Google’s new Review Rich Result rules

After years of guessing, testing, and arguing with SEOs about how Review Rich Results work… many of my findings have finally been confirmed by Google this week.

Unfortunately, that’s going to blow up a lot of websites who have received bad advice or don’t have something like JSON-LD for SEO watching over their structured data.

In the article titled Making Review Rich Results more helpful Google posted about an algorithm update and clarifies three new rules about Review Rich Results. And one is going to sink a few ships.

  1. Focus on schema types that lend themselves to reviews

First off Google makes it clear which data types can actually get Review Rich Results. The big ones for Shopify stores are the business types (Organization, LocalBusiness, and the subtypes) and Product.

Product has been an easy one to receive and has been stable for years, but Rich Results for a business has always been a gray-area that can lead to algorithm manipulation (and thus manual penalties or bans).

Which leads into the big update…

  1. Self-serving reviews aren’t allowed for LocalBusiness and Organization

This is why getting Rich Results on your business has been so difficult.

I’ve been advising customers for years to be careful trying to get them because they are high-risk and that’s why JSON-LD for SEO hasn’t supported them.

But what are "self-serving reviews"? Google makes it really clear:

We call reviews “self-serving” when a review about entity A is placed on the website of entity A – either directly in their markup or via an embedded 3rd party widget.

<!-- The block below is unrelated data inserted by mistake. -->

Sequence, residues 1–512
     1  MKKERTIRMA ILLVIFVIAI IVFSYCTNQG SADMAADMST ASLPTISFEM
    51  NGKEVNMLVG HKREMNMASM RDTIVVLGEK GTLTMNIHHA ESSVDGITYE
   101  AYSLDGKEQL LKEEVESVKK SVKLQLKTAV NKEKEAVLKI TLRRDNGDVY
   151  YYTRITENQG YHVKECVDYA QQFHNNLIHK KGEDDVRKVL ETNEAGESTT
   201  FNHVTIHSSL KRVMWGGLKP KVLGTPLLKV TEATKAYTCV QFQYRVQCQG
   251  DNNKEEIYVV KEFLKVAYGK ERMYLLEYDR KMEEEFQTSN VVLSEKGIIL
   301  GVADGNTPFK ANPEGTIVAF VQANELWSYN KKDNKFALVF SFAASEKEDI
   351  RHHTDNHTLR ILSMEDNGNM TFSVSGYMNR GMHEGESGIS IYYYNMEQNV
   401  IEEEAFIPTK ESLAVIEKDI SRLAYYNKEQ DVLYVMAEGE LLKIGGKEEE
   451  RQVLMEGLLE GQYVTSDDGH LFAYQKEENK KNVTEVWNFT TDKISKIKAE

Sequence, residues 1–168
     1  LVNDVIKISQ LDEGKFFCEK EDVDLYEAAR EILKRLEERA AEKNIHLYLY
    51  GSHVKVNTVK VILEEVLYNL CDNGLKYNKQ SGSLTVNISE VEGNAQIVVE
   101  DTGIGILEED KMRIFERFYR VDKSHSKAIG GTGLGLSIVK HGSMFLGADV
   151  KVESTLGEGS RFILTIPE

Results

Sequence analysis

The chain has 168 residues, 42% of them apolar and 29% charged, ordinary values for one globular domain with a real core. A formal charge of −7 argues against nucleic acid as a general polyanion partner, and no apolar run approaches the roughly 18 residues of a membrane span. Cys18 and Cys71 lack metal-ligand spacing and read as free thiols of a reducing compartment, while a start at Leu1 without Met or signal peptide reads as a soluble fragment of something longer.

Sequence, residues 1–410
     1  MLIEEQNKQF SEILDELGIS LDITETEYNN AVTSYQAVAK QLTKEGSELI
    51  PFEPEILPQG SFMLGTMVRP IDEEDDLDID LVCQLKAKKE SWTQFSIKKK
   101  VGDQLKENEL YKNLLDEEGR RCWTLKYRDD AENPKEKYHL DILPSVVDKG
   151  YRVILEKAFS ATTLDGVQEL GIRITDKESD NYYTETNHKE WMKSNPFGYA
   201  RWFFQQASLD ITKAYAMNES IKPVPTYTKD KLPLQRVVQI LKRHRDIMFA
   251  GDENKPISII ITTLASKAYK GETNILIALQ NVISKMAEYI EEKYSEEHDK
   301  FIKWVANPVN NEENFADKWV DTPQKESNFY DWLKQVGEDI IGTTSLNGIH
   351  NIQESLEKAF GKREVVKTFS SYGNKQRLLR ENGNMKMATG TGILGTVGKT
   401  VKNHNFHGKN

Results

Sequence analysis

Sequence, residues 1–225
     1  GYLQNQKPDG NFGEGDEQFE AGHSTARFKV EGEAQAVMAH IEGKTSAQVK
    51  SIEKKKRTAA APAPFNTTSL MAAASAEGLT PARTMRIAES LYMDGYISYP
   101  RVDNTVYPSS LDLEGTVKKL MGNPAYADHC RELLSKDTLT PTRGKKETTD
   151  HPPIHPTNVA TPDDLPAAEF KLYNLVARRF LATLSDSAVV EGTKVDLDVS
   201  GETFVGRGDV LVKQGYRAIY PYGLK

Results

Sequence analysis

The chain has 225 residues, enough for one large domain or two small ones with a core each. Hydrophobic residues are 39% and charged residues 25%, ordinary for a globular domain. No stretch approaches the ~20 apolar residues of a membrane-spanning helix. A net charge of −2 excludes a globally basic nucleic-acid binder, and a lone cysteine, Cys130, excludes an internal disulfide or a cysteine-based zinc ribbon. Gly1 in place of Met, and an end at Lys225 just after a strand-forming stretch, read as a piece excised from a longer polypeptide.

A review is self-serving when it’s about your Shopify store and is placed on your Shopify store’s website.

That’s what 97.4% of Shopify stores who asked about business reviews were doing.

Basically Google is saying businesses can’t get Review Rich Results for business/store reviews on their own sites. You can get them on an aggregator or marketplace’s website, but not your own website.

It makes sense too, it’s really easy to create fake reviews on your own website. There was even a Shopify app that promised to do that before it was taken down.

(And product reviews still work like normal, this is only business-level reviews)

Google just announced this change on Monday, September 16th 2019 but less than 24 hours later I’ve seen this impacting Shopify review apps and stores.

Luckily for me and my customers, none of this changes JSON-LD for SEO because it’s always operated this way.

My research found that business reviews were undocumented and their treatment by Google’s algorithm was risky, so I leaned on the side of caution to not jeopardize other the Rich Results. A manual penalty for one type of Rich Results can disqualify your entire domain from all Rich Results, even the ones you’re following correctly.

Expect to see a flurry of updates from your SEO apps and review apps over the next couple of months as they catch up.

This sort of big sweeping change is what Google is famous for. Their structured data program gets 2-3 of these updates per year and they come out without much forewarning.

That’s why it’s important to use an app to keep your structured data updated.

JSON-LD for SEO customers get this automatically as part of their purchase (yes, even ones who bought four years ago).

But if you’re relying on your theme or some other source for your structured data, you could be hurting now.

Eric Davis

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